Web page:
Ø “The average age for abusive relationships among teenagers is 13/14, so keep an eye on your sisters” – my R.E. module in 6th year, aged 18
I can remember being 18 years old, about to sit my leaving cert and sitting in my religion class, thinking that the Sex Ed. module would be a bit of craic and a nice oul’ break from the exam subjects. Instead, we were met with a disturbingly outdated course and I felt nothing but shock and discomfort, regarding the ease to which my teacher could warn her 18-year-old students about the inevitability of rape and abusive relationships among 13-year-olds and then walk into a first year class 40 minutes later without batting an eyelid.
Now, being my naturally vehement self, I reacted to this information by storming into my guidance counsellor, wherein I learned that there are laws regarding appropriate lessons in relation to sex and age appropriateness. I was told that, while my teachers were aware that a child in first year would benefit more from such lessons, there was little they could (or would) do.
This brings to light one of the many flaws of the Irish educational system. Refusing to acknowledge sex in a classroom until the students are all 18 years old is redundant because, statistically speaking, the majority of the class are well aware by this point.
I should not be told to “keep an eye” on my younger sister because the educational system does not care. I should not be told at age 18 that, statistically, 1 in 5 young teenagers (aged 12-14) experience sexual abuse from a romantic partner when, assuming that this statistic is correct, I was sitting in a classroom of roughly 5 survivors that were never forewarned, out of fear of being “inappropriate”. I should not be told that my teacher was aware of the dangers that were facing my friends and I at that age, yet didn’t mention it. To put it simply, if you are old enough to be at risk or to be asking questions, then you are old enough to have those answers.
Ø “You will need to go to the bathroom a bit more, and when that happens come to me and I will give you some stuff to help” – teacher of a girls’ 5th class
Ø “A period is when a girl starts to pee blood” – father of an 11-year-old boy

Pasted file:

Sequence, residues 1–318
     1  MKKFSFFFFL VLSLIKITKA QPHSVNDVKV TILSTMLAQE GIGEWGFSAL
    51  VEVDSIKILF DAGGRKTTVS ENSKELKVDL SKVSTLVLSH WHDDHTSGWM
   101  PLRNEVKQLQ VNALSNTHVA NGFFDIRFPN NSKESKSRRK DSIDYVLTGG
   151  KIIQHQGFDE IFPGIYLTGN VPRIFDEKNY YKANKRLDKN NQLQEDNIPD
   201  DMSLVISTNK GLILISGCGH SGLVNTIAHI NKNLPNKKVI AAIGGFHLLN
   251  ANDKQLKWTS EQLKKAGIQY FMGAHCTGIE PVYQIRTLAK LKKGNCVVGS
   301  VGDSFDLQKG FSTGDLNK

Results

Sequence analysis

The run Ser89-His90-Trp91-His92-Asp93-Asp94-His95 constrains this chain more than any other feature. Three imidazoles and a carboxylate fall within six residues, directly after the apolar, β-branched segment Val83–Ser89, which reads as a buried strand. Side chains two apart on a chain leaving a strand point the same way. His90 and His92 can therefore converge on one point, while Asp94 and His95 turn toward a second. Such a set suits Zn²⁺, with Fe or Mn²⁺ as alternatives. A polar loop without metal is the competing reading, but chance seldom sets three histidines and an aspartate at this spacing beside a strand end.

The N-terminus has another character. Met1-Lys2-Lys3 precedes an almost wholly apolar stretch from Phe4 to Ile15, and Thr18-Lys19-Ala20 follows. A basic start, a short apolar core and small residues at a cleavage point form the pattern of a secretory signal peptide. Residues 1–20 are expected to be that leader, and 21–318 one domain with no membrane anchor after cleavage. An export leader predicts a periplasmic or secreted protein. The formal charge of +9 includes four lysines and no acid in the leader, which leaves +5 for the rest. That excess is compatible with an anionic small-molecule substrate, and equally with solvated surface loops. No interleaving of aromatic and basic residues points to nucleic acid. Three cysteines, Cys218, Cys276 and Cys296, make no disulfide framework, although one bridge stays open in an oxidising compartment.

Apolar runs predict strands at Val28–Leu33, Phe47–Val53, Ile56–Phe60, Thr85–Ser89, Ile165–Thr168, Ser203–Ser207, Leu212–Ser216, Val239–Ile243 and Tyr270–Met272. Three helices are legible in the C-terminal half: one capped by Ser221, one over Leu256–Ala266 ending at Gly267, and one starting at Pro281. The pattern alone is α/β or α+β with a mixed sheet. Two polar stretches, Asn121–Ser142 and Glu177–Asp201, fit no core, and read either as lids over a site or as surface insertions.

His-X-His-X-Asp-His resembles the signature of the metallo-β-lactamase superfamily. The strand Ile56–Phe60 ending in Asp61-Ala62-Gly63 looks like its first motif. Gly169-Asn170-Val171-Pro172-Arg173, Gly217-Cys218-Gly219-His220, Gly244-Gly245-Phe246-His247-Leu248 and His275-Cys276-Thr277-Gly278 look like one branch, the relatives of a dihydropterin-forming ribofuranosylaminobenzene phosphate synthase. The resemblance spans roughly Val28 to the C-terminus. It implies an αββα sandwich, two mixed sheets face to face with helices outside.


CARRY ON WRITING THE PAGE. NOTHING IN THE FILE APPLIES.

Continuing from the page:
In this day and age, we simply cannot be so ashamed of female bodies that we refuse to educate children correctly. An eleven-year-old girl should not be uninformed about her own body, otherwise she will feel ashamed and scared when the changes happen to her. An eleven-year-old boy should not be under the impression that women can control their periods, otherwise they may (and will) grow up to support luxury taxes on tampons and period-related products. The lack of education and information regarding female puberty appears to stem from an underlying shame of women’s bodies. Boys do not need to know about periods because it will not affect them. Girls do not need to be told about periods because they will learn of their own accord. As a result of this, there is a widespread misunderstanding regarding women’s bodies, leading to the complete disregard of women’s issues.
Ø “Sex is where a man puts his penis into a woman’s vagina” – 3rd year SPHE class
I will not go on a rant about heteronormativity (as that could easily take over an entire article), however, I would like to point out that hearing this statement at fifteen years old can be quite damaging to a child’s identity. They do not need to be told that their sexual identity/behaviour is invalid and in my personal opinion, what constitutes sex is entirely circumstantial and conceptual. Therefore, it is inappropriate to inform a young teenager about what qualifies as sex.
Furthermore, the lack of discussion of same-sex couples leads to unhealthier sex.
Ø “If you are sexually active you are aware of the likelihood of pregnancy so you should be taking folic acid as a precaution” – my R.E. module in 6th year
Ø “Pregnancy and STDs, in a nutshell” – a classmate of mine describing our R.E. module
Naturally, coming from a catholic school I was not expecting an in-depth analysis or discussion in my Sex Ed. class. However, the information I received was nothing short of ridiculous. Sex was addressed as a scary way to make a child or gain an STD, with no other circumstances. Rather than acknowledging sex as a healthy part of the majority of people’s lives, we were immediately informed of the statistics for underage pregnancy and STD transmissions and were shown diagrams of male and female genitalia (at 18 years old).
In a Sex Ed. course, it is my belief, that the teacher has an obligation to their students to provide a comprehensive and concise lesson that informs them of the ins and outs (no pun intended) of the subject. With regards to health, I should not be under the impression that sex leads to either a baby or an STD and nothing else.
With regards to identity, I should not be led to believe that certain types of sex are invalid, because they don’t result in procreation.
With regards to puberty, I should be aware of what’s awaiting my body BEFORE it happens.
With regards to “appropriate teachings”? Fuck that . It is not my responsibility to provide my sister with the teachings that my school wouldn’t give. That’s not appropriate. I should not be told 5 years later that the dangers I faced were predetermined by my teachers and that they decided against warning me. That’s not appropriate. Body shaming and shying away from informing women about what needs to be said directly, leads to the belief that women are less important, that their bodies are to be disrespected, that their questions don’t need answers. This leads to rape culture, heteronormativity, and all those buzzwords that social media wants us thinking are Tumblr creations. That’s not appropriate.
I know it’s a college paper so swearing is probably fine but I just wanted to highlight it in case it’s not.